The first principle involves a passion for the project. Passion includes vision, enthusiasm, drive, determination, and creativity. People with passion can grasp the big picture without becoming enmeshed in or preoccupied with all the details. Nehemiah could hardly sleep as he imagined himself accomplishing God’s objective. His passion was off the chart.
The second principle includes an ability to motivate others. Getting along well with others is a crucial part of leadership. This would include such skills as verbalizing ideas, dreams, and concerns; articulating goals succinctly and simply; and demonstrating grace with a heavy dose of enthusiasm and encouragement. Leaders who motivate always inspire others to do their best. They quickly affirm and remember to give credit where credit is due. Nehemiah was strong in all those qualities.
The third principle is having an unswerving confidence in God. Nehemiah’s journal is filled with prayers—silent ones, short ones, specific ones. He never failed to remind the people of the Lord’s presence and protection. Leaders who are authentic will consistently turn others’ attention to the true Source of strength—the One who can accomplish the impossible. Their faith is contagious. While they may occasionally doubt their own ability, they do not doubt God’s invincible commitment to His work.
Resilience and patience through opposition mark the fourth principle. Nehemiah endured it all: sarcasm, suspicion, gossip, mockery, threats, anonymous notes, false accusations—you name it. Sound familiar? None of it moved Nehemiah. No leader can survive if he or she cannot remain patient and resilient through criticism. It is important to be firm in purpose without becoming cranky, vengeful, or mean-spirited.
The fifth principle to adopt is a practical, balanced grip on reality. While the good leader may have dreams and ideas, he or she doesn’t live in a dream world of ideals. The actual facts—the hard pieces of evidence—are in clear focus. Nehemiah told the workers who were rebuilding Jerusalem’s wall to stay at their jobs. He, at the same time, wisely stationed others to protect the wall from attack. Smart. Discerning. Tough. He acted without overreacting. Good leaders maintain that needed balance between staying positive and keeping aware of the negative.
Number six is a willingness to work hard and remain unselfish. Most Christian leaders have at least one thing in common: diligence. They also know the value of calling it a day. (Diligence and workaholism are not synonyms.) Because of his hard work, Nehemiah was appointed to be “governor of Judah” (Nehemiah 5:14), even before the wall was rebuilt. He accepted his appointment humbly, refusing special treatment and willingly sacrificing for the good of the people. Nehemiah could have led a clinic on servant leadership.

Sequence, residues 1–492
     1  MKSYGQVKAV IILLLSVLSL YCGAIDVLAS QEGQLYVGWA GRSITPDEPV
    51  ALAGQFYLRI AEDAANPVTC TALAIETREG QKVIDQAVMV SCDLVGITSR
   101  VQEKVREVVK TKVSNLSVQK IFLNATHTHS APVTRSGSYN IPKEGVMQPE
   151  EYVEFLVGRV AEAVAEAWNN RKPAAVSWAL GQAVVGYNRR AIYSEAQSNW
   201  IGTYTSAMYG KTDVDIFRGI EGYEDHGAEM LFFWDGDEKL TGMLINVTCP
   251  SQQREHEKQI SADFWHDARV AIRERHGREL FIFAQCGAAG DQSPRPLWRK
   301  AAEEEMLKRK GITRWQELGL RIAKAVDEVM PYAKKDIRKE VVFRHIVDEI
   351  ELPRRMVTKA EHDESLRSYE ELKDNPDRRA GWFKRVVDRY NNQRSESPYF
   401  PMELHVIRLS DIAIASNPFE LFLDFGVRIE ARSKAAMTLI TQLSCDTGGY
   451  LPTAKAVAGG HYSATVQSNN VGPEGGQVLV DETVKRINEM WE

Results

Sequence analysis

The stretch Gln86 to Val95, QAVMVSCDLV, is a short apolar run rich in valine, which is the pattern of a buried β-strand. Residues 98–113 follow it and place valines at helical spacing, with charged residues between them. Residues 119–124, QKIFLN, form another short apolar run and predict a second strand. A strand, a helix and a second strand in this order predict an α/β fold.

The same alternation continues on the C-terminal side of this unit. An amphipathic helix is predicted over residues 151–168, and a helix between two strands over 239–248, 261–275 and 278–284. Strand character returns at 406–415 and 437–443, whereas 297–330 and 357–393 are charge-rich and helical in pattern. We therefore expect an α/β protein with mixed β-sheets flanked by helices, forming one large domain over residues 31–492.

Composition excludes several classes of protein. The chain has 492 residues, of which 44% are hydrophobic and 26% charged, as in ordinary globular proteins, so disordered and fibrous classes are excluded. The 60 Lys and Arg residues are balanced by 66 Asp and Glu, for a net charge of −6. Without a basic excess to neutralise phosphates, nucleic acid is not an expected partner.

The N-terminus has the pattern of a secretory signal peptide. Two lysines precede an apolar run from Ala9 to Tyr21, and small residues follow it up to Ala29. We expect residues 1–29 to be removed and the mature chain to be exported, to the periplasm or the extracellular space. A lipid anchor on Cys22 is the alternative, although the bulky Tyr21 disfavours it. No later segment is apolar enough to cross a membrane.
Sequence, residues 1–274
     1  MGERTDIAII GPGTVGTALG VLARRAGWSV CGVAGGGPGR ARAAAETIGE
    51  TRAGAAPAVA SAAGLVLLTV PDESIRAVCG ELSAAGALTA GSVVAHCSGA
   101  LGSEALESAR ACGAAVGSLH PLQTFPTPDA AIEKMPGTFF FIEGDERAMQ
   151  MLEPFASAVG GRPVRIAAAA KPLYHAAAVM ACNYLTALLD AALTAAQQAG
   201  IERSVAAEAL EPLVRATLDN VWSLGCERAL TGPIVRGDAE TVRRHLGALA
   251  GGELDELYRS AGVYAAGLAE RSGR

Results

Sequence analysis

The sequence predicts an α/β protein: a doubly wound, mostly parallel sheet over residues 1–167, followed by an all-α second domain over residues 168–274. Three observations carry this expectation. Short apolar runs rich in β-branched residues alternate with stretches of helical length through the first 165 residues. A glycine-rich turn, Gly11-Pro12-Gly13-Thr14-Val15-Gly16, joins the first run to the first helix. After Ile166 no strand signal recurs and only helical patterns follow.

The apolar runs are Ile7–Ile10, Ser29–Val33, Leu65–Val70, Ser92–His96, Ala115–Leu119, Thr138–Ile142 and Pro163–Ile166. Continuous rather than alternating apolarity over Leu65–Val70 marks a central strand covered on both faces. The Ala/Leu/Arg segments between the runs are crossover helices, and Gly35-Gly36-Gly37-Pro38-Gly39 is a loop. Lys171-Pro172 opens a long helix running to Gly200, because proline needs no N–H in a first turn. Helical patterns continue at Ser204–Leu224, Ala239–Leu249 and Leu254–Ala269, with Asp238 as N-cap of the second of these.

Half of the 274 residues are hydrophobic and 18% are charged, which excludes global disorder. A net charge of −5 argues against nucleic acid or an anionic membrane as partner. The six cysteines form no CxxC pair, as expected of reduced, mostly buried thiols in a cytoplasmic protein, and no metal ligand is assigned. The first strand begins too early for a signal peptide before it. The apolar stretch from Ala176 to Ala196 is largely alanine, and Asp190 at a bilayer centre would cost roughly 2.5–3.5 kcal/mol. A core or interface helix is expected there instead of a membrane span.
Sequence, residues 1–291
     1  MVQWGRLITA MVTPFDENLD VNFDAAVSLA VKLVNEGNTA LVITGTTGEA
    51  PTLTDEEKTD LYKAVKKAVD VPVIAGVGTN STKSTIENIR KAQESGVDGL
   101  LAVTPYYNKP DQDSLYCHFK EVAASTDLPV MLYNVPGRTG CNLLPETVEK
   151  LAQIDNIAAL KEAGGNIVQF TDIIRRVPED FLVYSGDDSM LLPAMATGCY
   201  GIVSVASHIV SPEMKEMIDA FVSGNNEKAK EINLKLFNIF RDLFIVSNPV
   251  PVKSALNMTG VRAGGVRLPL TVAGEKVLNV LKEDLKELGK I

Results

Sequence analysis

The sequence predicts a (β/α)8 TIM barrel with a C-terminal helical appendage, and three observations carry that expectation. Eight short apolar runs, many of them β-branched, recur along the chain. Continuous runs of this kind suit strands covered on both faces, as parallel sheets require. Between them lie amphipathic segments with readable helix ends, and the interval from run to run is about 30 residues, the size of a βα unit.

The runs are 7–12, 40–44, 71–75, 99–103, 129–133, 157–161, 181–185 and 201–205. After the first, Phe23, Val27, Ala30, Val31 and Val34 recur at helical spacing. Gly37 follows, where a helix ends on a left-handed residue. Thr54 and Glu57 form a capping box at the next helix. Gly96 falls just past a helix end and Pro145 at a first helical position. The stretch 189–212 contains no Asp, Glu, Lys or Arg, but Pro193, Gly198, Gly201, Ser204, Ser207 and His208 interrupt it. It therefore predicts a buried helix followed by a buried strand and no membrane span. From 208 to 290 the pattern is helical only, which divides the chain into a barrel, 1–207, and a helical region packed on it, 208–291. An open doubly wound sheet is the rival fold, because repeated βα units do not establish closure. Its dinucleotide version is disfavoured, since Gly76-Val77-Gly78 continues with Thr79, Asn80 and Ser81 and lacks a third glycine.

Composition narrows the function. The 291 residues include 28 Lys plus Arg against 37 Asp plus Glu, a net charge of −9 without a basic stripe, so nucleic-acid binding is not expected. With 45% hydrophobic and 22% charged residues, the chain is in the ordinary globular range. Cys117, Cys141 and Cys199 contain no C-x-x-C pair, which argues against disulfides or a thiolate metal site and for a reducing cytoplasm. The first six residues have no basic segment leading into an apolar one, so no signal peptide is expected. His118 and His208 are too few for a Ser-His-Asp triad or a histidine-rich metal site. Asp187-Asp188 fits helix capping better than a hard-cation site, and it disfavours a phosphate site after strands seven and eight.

Finally, leaders must have the discipline to finish the job. Good leaders are finishers. They know how to concentrate on essentials without allowing perfectionistic details to block the path. I am certain that some of the wall’s stones were a tad crooked, and a few of the joints may have been loose. Perhaps a gate or two wasn’t perfectly level, and it’s possible a hinge or two squeaked…but that baby got done. Mission accomplished. The end. Done! (I love that word.)
And when the task is finished, good leaders celebrate…they have fun! In Nehemiah’s case, they had a blast walking on the wall, marching and dancing, shouting and singing. What a grand and glorious party!
Christian leaders with character continue to be in demand. Ezekiel recorded God’s search for leaders who would “...stand in the gap in the wall [of righteousness] so I wouldn’t have to destroy the land,” but, tragically, He “found no one” (Ezekiel 22:30). God’s search continues today. Let’s determine to be the women and men for whom God is searching to stand in the gap. Let’s be the Nehemiahs of this generation—Christians who get things done for God’s glory, standing strong on rock-solid principles of leadership.